The 2012 season was one where the Orioles saw their pitching staff and pitching depth much improved. To make the future outlook even brighter, the Orioles have two of baseball’s best young pitching prospects and one or both could be a mainstay in the rotation at some point next season.
Dylan Bundy went 9-3 with a 2.08 ERA in 23 starts this year at three minor league levels and then pitched 1 2/3 scoreless in two major league relief appearances in September. Kevin Gausman went 0-1 with a 3.60 ERA in five late-season starts between short-season Single-A Aberdeen and Single-A Frederick.
Matt Forman of Baseball America compiled the Orioles’ top 10 prospects list for the publication that was released Monday. He rated Bundy the O’s No. 1 prospect and Gausman No. 2. He said that duo holds its own with any other organization’s top two prospects.
“Absolutely,” Forman said. “The one-two punch of Bundy and Gausman would stack up against anybody’s one-two and for that reason alone, the Orioles’ overall system strength is in that 15-20 range because of the potential that those guys have.
“The Pittsburgh Pirates with Jameson Taillon and Gerrit Cole might be the only organization that can rival the Orioles in one-two pitching prospects. I would lean to Bundy and Gausman. That one-two is special and something the organization should be very proud of and excited about.”
Bundy was rated as the No. 1 prospect in the sport by Baseball America in its 2012 midseason ratings and Forman said it was a season where the right-hander who will turn 20 on Nov. 15 lived up to the massive expectations.
“Outside and inside the organization, Dylan Bundy gets rave reviews. He has true top-of-the-rotation potential. He has true No. 1 starter upside and that is the consensus,” Forman said.
“The biggest progress he made this year was the development of his changeup. In Bundy’s playoff start (for Double-A Bowie), he threw 22 changeups, 18 for strikes and nine were swinging strikes. He got a ridiculous 40 percent whiff rate on that pitch. It doesn’t have tremendous action, but he is incredibly deceptive with his arm action on the changeup and it became a true plus pitch and a weapon for him at the end of the year.”
Bundy’s other pitches were of top quality also.
“The curve was inconsistent throughout the year but it still shows plus potential if not a little more,” Forman said. “His fastball velocity was there. In shorter stints early in the season, his fastball sat 95-98, sometimes touched more. Later in year he settled in 92-96 and kind of worked the ball to both sides of the plate more frequently as he was forced to be more of a pitcher.
“The development plan for Bundy was much talked about in the industry. It is hard for me to disagree with it. They got his feet wet at a level where he was able to dominate and quickly promoted him after that. The plan all along was to have usable innings in September if necessary. You certainly see the other side. Not questioning what the Nationals did with Stephen Strasburg, but he didn’t have usable innings at the end of the year. The Orioles got out in front of that and Bundy met and exceeded all expectations. He made his big league debut at 19, the fourth guy to do that in the last decade.”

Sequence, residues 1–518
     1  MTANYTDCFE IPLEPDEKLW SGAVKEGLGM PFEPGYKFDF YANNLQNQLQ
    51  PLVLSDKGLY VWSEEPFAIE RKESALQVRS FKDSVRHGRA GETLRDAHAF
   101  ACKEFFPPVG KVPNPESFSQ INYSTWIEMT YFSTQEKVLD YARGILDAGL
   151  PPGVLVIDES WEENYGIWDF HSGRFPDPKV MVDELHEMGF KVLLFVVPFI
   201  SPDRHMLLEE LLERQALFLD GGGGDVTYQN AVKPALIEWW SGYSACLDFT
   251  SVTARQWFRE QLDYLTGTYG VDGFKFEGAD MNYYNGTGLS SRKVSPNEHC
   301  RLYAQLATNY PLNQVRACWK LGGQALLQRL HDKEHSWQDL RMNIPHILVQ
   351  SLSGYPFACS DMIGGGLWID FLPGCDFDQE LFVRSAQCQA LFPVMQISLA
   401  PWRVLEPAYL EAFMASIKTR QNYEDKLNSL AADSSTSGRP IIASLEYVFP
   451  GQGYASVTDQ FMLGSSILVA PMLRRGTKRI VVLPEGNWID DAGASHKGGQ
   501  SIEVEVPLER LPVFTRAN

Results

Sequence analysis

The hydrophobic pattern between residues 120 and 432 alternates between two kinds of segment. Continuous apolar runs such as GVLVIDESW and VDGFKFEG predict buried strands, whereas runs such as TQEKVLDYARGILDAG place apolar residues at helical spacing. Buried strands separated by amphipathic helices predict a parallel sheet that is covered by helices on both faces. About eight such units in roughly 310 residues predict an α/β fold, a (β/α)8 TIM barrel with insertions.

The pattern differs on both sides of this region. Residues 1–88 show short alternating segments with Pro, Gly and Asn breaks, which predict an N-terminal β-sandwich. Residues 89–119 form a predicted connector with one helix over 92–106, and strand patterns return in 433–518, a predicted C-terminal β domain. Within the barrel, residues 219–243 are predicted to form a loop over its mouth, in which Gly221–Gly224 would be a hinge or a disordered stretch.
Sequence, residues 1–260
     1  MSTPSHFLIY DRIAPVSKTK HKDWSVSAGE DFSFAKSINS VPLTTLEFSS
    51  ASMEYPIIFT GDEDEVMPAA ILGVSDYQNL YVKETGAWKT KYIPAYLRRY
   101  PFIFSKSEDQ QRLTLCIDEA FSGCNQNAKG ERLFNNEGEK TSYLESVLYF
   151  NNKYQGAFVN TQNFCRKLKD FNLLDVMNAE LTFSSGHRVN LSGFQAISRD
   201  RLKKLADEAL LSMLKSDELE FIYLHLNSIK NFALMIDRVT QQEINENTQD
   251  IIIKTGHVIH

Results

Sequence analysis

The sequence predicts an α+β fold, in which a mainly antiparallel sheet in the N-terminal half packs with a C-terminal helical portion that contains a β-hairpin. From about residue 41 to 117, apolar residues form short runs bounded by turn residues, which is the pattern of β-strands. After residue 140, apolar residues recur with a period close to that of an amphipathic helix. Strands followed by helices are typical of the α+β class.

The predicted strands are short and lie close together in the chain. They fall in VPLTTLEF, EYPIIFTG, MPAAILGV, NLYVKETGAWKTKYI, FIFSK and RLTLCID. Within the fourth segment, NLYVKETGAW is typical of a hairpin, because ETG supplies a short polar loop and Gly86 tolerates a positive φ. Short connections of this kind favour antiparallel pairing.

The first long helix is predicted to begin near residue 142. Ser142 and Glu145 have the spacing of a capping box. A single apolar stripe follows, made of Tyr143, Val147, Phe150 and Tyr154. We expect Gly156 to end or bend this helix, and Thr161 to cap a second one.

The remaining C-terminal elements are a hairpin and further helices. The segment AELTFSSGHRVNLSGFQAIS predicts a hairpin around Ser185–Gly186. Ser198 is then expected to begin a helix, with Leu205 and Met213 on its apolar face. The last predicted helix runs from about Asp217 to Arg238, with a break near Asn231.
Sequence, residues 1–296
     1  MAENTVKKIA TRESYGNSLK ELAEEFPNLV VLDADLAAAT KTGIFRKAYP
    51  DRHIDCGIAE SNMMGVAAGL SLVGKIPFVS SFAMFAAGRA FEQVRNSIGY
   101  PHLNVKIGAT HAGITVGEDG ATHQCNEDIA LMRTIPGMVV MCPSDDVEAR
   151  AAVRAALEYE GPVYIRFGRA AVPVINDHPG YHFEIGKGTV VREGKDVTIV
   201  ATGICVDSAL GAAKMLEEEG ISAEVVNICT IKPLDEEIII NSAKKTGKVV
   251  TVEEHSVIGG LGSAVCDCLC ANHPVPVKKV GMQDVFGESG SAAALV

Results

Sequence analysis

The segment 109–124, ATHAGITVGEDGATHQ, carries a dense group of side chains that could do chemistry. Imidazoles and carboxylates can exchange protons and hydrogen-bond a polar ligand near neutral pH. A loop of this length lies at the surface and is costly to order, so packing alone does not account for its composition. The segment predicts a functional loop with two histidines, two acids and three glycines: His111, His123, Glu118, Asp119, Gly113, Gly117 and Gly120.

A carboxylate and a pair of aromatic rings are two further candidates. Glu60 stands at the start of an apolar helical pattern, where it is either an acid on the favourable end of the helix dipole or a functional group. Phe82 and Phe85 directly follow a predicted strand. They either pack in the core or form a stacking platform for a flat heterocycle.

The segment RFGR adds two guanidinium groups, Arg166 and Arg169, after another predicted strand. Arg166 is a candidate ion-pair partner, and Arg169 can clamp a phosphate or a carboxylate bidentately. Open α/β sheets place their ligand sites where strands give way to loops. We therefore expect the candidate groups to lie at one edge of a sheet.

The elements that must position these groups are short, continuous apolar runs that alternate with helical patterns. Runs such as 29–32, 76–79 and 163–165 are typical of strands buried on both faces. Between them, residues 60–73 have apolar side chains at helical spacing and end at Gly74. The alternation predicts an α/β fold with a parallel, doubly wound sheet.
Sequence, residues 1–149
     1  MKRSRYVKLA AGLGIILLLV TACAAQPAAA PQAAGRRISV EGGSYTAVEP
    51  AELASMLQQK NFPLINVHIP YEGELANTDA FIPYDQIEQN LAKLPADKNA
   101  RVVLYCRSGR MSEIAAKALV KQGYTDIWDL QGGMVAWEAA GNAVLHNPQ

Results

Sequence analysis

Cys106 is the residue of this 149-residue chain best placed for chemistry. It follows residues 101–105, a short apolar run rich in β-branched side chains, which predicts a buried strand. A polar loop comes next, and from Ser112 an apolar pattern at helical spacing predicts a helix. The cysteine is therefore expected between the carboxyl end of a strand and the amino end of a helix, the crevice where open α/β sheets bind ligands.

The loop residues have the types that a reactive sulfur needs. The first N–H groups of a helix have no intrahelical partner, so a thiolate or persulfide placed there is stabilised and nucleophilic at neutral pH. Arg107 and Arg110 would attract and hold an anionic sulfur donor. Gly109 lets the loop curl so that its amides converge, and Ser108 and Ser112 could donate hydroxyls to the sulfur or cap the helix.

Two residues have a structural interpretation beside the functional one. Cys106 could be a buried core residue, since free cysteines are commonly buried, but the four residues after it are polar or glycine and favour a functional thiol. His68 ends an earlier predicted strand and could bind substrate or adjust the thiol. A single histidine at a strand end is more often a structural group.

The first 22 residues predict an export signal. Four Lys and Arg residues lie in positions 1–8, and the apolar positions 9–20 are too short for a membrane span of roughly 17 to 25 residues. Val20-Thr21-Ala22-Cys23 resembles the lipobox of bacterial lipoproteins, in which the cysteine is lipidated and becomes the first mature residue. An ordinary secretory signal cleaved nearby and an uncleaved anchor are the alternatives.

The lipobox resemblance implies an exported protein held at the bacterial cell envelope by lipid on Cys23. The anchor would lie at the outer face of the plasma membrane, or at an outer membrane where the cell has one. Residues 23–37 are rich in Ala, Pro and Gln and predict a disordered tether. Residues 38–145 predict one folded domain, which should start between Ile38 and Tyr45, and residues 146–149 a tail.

Forman said some scouts compare Gausman to Max Scherzer, who went 16-7 with a 3.74 ERA for the Tigers this year, although Scherzer pitches more off his slider than Gausman does.
“Some teams had Gausman as high as No. 2 on their draft board,” Forman added. “Gausman has tons of upside, I’ve seen him for four years. As a draft-eligible sophomore coming out of LSU, he’s pretty young and will pitch next year at 22 years old.
“Gausman’s changeup is an easy plus pitch and several scouts remarked how his changeup was one of the best they’d seen in the amateur ranks in a long time. Not too many young guys have an advanced changeup like Gausman does and are able to go to it in any count.”
Now the Orioles are working with the right-hander to develop a third pitch and it appears that will be a slider. Should there be any concerns about Gausman’s future potential with his fastball and change so far ahead of his breaking pitches at this point?
“The concern was certainly raised from outside the organization, it existed,” Forman said. “But I don’t believe it will hinder his development, because of his aptitude and intelligence. He can throw a breaking ball but sometimes the slider and curve blend together a little bit.
“But making a few minor adjustments should allow the slider to play at least average and indications from instructional league were that it was progressing and flashing more than average at times. It was showing swing-and-miss potential. With any prospect, there is development that needs to happen. But I don’t think that will be a question.”
Baseball America will release its 2013 preseason top 100 in February and both pitchers should rate high. Forman said Bundy could be No. 1 and he has him No. 2 on his personal top 100 right now behind Texas shortstop Jurickson Profar. He said he’d rate Gausman in the 20-25 range.
“For both of these guys, scouts rave about their makeup, competitiveness, intelligence and aptitude,” Forman said. “Aptitude is the word that gets tossed around a lot as they are able to make adjustments on the fly and implement them. These are guys with polish and power, a rare combination, especially at their ages.
“Gausman probably has No. 2 starter upside. Bundy has No. 1 starter upside. They are going to pitch at the front of the Orioles rotation for a good while if everything works out.”
Coming next week: I will have much from a lengthy and in-depth interview with Forman about the Orioles’ top 10 prospects list. He provided some real solid information and insights and that is coming soon in this space.